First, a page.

Aug 20, 2010
The European Commission has approved the next €9bn (£7.4bn) tranche of loans for Greece but the underlying economy continues to deteriorate as Greek banks suffer a record loss of deposits and output contracts at a quickening pace.
A report by HSBC said banks had lost 8pc of their entire deposit base in the five months to May. “The Greek market has never, since the first data in 2001, experienced such attrition,” said banking analyst Joanna Telioudi.
While some withdrawals point to capital flight by wealthy Greeks, it is clear that households and companies are running down savings to make ends meet. The Athens Chamber of Commerce warned yesterday that its members are in “dire straits”, with a majority facing a liquidity threat.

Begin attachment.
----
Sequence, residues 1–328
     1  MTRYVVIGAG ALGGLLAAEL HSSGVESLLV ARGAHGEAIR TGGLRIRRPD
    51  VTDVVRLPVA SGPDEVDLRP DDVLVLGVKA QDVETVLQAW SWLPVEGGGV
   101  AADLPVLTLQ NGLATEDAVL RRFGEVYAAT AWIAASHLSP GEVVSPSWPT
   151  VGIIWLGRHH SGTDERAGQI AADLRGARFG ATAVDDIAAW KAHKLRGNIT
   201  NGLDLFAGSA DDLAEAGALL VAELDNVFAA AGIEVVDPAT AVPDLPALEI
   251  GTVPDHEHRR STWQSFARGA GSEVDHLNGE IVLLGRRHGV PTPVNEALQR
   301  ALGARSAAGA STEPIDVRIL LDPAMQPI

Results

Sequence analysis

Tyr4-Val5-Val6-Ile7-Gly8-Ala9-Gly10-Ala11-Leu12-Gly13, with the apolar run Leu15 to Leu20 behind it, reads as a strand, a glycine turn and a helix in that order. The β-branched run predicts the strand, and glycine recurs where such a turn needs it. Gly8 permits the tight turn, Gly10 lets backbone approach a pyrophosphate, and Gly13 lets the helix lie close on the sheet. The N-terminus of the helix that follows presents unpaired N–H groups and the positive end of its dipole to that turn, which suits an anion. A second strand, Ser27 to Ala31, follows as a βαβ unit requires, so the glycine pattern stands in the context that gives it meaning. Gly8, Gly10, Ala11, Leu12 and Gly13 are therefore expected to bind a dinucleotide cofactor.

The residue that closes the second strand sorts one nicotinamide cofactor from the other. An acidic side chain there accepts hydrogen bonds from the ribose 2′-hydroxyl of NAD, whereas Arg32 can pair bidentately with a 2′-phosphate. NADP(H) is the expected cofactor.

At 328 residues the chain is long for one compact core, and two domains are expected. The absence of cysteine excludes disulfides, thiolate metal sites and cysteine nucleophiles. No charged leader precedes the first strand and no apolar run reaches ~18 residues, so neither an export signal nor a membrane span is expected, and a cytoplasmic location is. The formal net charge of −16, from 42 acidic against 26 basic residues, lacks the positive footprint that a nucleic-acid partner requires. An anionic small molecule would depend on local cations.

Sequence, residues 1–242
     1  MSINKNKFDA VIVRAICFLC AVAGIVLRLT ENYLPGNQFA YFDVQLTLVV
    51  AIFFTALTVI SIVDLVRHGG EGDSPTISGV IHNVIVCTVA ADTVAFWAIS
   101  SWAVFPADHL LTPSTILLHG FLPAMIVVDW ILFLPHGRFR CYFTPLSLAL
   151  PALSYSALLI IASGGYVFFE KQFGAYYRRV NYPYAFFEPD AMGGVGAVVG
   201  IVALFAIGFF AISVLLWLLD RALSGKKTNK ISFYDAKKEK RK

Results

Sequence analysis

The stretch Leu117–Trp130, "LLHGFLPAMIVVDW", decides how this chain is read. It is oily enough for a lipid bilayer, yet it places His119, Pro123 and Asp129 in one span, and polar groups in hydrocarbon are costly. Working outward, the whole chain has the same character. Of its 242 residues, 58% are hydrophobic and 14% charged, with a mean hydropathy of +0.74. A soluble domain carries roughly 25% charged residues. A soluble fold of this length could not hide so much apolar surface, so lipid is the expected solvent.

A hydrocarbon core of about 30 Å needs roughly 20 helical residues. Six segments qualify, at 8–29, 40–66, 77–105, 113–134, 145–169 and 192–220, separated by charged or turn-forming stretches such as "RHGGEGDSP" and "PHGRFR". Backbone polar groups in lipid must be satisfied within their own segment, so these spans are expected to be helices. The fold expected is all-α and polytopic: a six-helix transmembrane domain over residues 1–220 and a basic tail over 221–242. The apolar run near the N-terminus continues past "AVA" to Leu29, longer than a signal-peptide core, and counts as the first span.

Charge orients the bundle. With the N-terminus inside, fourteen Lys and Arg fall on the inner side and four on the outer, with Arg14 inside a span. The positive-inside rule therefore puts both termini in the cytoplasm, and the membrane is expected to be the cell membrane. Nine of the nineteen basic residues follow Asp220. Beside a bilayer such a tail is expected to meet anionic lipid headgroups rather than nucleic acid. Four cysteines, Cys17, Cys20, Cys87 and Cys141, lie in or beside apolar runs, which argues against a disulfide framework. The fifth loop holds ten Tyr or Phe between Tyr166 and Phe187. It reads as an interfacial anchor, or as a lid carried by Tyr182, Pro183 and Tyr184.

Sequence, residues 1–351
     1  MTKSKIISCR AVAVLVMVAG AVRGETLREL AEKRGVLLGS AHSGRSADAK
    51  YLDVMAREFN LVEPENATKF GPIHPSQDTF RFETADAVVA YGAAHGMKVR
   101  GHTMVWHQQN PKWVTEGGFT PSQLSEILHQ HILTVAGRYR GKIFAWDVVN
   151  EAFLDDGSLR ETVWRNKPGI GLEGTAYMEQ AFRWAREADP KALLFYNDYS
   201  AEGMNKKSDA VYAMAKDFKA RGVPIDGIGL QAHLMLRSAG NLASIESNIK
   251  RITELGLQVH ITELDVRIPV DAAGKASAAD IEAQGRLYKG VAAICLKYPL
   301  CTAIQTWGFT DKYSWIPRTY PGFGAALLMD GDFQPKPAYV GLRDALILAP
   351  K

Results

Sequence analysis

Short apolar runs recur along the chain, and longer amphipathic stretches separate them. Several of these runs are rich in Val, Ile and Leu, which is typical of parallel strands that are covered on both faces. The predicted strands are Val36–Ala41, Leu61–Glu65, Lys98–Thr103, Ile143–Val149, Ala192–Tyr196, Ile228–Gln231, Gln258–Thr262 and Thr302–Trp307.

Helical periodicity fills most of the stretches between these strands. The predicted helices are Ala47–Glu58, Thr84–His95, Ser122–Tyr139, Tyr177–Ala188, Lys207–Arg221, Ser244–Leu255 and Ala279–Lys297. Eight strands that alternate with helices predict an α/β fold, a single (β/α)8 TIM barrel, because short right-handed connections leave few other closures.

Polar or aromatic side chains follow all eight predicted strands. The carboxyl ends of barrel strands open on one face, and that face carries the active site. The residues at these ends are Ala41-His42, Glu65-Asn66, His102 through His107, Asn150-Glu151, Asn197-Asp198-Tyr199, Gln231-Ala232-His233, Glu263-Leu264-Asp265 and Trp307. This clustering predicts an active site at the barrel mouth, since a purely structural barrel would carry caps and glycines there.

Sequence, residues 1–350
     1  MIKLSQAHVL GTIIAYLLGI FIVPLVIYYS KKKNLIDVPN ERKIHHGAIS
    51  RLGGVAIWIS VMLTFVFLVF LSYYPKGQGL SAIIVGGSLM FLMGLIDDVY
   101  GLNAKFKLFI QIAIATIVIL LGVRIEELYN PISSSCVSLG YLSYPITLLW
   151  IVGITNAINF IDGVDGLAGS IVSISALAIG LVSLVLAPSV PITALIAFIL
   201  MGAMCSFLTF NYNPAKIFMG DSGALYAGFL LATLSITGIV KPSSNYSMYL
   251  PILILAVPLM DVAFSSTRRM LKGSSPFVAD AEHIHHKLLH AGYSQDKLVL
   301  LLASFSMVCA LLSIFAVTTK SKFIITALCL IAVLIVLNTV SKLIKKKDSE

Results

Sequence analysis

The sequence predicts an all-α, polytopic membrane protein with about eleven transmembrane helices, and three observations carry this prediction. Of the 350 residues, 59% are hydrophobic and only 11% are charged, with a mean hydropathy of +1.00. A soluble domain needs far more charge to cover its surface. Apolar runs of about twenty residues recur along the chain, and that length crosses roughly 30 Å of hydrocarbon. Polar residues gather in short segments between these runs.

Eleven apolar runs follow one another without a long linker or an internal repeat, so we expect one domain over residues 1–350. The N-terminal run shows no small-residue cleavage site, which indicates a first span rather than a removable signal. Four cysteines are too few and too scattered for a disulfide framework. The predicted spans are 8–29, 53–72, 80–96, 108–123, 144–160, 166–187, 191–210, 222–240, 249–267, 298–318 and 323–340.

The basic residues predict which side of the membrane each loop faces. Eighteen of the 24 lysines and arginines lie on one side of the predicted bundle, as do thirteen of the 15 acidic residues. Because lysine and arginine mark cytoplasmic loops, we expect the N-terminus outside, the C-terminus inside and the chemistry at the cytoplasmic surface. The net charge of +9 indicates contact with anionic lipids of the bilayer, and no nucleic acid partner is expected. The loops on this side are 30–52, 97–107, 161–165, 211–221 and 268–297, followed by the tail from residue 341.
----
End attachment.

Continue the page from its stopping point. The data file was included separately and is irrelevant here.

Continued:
Simon Ward from Henderson Global Investors said Greek lenders are covering their funding gap through loans from the European Central Bank (ECB), which reached a record €96bn in July. “The question is how much eligible collateral they have left to take to the ECB. It must be nearing the limits,” he said.
This article was posted: Friday, August 20, 2010 at 3:48 am